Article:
Album Review: Stone Sour-House of Gold & Bones Pt. 1

This review will be conducted as though any previous Stone Sour or Slipknot albums do not exist, regardless of Corey Taylor’s status as a metal/nu-metal legend. This will be written with an open mind and no expectations, so that those who have never heard the aforementioned artists will get a clear understanding of what to expect.

The opening track on House of Gold & Bones Part 1, Gone Sovereign, opens with a very strong and distorted riff on the lead guitar, with the vocals coming in to accompany. The vocals are very tough sounding as he growls a considerable amount. It is a brilliant opener for an album, as it features an epic guitar solo, and has a very thrash-metal drum beat, with a double kick to take your breath away. While it has all the ingredients of a metal song, it is far from it. Maybe alternative-rock-metal-fusion is a better way to describe it, as the lead singer does have a great singing voice, no matter how masculine and testosterone fuelled it is.

With the outro of Gone Sovereign fusing into the intro of the second track Absolute Zero, you almost confuse it with the beginning of the next song. It is another brilliant track, and would almost work if they didn’t make them two separate songs, however Absolute Zero is much more a rock anthem than a metal track. The lyrics in the bridge say ‘I can bleed if I want to bleed, I can fail if I feel the need’, (every ‘metal’ album has to mention something about blood, right?) leading into a very dark and throaty chant, before a quite pop-py chorus, almost Foo Fighters-esque. More fast guitar riffs and beefy drums accompany the emotional and heartfelt vocals.

An acoustic ballad appears as the fourth track named The Travellers. It is slow, and not only features a steel stringed acoustic guitar, but also what appears to be a string quartet. It is only a 2 and a bit minute track, and is quite angelic. Well as angelic as possible for a band that calls themself metal. The lead vocalist fights his voice with all his might so he doesn’t get that gruff growl that comes so naturally, but he pulls it off perfectly. The magnificent harmonies add to the emotion of the track. It really is a beautiful song.

My Name Is Allen is another heavy track, and is a high seller on iTunes. There is nothing overly attention grabbing about it, besides a few lines that are spoken by a demon-voiced creature/man. It has a typical palm muted guitar riff that is pretty obligatory on a metal album. It is possible that this is more of an angry song, whether the lead singer is speaking of personal experiences under the alias of Allen, or just wanted to throw it in to add to their reputation as a metal band.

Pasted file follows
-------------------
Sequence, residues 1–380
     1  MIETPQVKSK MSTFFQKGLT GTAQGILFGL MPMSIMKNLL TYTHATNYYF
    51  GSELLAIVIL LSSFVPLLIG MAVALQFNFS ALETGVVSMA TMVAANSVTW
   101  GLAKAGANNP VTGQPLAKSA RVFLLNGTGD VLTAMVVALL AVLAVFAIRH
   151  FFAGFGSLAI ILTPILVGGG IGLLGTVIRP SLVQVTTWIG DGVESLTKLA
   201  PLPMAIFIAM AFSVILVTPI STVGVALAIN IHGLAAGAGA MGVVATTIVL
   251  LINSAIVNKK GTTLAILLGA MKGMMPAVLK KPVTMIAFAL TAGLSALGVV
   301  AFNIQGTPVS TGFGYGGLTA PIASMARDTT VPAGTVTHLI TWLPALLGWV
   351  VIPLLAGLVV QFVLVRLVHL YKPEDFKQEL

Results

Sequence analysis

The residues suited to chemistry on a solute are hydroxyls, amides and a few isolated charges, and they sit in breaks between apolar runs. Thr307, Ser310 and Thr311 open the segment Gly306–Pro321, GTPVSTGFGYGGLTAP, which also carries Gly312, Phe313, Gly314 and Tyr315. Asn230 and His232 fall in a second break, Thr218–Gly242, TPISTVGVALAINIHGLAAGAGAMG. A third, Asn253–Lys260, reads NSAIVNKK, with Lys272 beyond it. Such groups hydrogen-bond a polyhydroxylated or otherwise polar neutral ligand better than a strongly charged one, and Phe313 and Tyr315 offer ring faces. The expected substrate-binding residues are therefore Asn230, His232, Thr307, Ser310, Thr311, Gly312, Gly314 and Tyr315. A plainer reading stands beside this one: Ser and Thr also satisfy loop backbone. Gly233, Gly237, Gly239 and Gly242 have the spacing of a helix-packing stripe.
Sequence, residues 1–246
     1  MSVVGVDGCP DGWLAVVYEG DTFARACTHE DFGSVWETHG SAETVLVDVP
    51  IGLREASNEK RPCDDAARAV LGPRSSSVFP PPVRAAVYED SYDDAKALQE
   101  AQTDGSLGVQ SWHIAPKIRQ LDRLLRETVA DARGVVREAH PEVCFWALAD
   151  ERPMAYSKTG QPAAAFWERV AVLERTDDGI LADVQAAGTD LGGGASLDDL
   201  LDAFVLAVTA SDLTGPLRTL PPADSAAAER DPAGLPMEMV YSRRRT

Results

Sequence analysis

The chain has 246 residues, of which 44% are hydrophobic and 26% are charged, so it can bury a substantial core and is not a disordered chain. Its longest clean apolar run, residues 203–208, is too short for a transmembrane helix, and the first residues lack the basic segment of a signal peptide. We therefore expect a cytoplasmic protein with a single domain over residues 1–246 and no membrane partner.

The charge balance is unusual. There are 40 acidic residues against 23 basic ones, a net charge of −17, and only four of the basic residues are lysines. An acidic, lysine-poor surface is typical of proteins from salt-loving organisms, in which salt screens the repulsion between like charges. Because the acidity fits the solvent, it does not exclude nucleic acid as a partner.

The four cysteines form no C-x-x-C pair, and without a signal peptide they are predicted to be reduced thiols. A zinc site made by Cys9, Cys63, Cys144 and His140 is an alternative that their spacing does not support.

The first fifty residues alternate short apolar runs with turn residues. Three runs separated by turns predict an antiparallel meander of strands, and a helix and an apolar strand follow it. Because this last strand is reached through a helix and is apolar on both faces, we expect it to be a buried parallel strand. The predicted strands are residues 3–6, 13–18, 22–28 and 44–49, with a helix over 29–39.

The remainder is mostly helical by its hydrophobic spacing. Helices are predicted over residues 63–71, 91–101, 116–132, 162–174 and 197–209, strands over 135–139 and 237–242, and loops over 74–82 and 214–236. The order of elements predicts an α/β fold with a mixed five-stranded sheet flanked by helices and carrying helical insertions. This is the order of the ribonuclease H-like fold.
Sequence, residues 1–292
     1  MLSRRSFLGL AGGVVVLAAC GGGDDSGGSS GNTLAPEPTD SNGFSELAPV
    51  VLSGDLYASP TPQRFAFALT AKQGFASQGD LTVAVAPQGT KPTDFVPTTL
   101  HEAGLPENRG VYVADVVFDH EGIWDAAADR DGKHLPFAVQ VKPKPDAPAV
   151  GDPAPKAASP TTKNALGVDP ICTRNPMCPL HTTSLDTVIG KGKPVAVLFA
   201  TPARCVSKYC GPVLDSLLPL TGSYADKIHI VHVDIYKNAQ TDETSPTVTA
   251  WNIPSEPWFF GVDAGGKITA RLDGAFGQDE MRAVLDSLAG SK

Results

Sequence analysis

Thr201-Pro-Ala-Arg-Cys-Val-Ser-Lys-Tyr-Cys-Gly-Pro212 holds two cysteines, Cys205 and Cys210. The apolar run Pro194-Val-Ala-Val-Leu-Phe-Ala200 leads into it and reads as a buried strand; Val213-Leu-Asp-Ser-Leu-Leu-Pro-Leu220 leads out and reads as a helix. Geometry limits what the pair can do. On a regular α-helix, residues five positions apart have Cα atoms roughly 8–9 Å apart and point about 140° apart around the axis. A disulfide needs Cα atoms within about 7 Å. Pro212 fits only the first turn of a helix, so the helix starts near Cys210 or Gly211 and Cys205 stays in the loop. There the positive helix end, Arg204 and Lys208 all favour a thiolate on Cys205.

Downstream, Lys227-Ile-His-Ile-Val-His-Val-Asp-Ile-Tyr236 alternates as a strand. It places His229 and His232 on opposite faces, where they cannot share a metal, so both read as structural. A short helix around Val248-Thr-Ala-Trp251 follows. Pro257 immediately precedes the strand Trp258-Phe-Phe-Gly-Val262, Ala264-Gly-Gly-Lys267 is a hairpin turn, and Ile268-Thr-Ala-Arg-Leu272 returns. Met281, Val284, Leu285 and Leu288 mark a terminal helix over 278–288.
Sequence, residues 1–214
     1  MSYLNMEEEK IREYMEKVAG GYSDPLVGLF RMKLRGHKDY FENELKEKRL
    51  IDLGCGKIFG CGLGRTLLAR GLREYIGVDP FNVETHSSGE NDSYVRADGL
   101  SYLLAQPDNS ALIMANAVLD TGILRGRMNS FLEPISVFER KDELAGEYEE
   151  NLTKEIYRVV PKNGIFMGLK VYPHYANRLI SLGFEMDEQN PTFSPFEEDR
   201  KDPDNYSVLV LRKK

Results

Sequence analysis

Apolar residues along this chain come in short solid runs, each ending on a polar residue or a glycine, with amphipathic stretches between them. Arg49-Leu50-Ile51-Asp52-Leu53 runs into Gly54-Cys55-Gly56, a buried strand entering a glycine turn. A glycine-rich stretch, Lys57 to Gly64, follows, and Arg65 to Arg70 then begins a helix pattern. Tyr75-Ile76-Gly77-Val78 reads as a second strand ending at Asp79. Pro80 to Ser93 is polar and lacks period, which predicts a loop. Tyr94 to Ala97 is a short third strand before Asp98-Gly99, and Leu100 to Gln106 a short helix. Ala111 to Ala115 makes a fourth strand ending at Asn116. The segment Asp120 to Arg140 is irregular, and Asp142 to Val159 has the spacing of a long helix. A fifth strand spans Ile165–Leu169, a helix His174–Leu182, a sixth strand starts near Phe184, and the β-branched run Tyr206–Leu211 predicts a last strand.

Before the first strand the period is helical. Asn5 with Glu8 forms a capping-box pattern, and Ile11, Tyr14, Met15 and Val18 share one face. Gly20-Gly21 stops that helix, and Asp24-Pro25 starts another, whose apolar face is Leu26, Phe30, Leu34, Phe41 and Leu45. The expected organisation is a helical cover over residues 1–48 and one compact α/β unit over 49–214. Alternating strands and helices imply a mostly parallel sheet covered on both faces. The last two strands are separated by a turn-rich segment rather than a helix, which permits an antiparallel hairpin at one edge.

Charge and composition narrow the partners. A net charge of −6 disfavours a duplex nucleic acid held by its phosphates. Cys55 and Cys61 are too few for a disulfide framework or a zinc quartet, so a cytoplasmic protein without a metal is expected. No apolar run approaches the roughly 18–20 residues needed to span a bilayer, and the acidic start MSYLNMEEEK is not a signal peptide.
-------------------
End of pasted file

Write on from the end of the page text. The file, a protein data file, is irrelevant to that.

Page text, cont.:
It is hard to choose the best tracks on this album. As a reviewer, you only want to choose a couple of songs, but each song is so different and brilliant in its own right, and each one deserves its own little write up.

Taciturn almost goes for 5 and a half minutes, and is a song that will bring a tear to your eye as you bang your head softly with a solid fist straight up in the air. The acoustic steel string is playing a very simple progression of triplets by the side of the vocalist’s melody. It is just the two of them for the first 2 minutes, when the piano comes in adding some more depth. It sounds similar to a track named New Day by Australian prog metal band Karnivool. At the three minute mark, the percussion and distortion begins, and the lead vocals show that darkness with the slight growl in the back of his throat. The guitar solo is even more spine tingling, as the song just keeps building up. It is a hard call, but this is the best song on the album. Concluding with the same run of triplets that the song starts with, then going into an outro/intro for the next song, you just don’t want it to end.

The preceding song is not as good unfortunately, but it is not expected to be. You almost don’t want anything to be better than Taciturn as it is just a perfect track. Influence of a Drowsy God, The Traveller Part 2and Last Of The Real round out the album with some big riffs, strong bass and beefy drums, but can’t come close to what was achieved earlier in the album. It really is a great album for anyone, even if you aren’t a fan of metal, alternate metal, nu-metal, thrash or any other subgenre that this band may fall under.

The best summary would be to say that it is an extremely emotional record that features hints of rebellion through the heaviness, along with pure and raw acoustic and orchestral pieces showing not only the range of diversity this band has to offer, but telling the highs and lows of the story with is House of Gold & Bones Part 1.


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